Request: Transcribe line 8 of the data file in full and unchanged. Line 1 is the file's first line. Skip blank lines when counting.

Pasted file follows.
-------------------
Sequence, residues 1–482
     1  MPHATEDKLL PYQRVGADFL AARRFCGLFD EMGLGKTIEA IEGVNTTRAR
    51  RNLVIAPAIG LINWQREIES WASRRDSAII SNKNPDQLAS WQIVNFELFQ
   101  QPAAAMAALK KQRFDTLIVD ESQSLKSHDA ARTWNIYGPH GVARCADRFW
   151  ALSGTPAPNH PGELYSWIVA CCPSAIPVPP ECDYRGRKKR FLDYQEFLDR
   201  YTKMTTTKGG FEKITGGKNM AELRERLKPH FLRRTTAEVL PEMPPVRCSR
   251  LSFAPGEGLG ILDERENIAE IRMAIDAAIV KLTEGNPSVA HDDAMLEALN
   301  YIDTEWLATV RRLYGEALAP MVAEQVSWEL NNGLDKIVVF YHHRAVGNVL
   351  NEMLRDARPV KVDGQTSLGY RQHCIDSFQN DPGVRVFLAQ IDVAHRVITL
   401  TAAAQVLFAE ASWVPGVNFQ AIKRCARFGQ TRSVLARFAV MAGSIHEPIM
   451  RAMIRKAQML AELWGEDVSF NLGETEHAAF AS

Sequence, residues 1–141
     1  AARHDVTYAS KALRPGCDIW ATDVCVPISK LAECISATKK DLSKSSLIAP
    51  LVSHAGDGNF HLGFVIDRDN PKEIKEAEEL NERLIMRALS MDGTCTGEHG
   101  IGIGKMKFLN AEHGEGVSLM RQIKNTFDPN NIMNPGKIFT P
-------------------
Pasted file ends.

   301  YIDTEWLATV RRLYGEALAP MVAEQVSWEL NNGLDKIVVF YHHRAVGNVL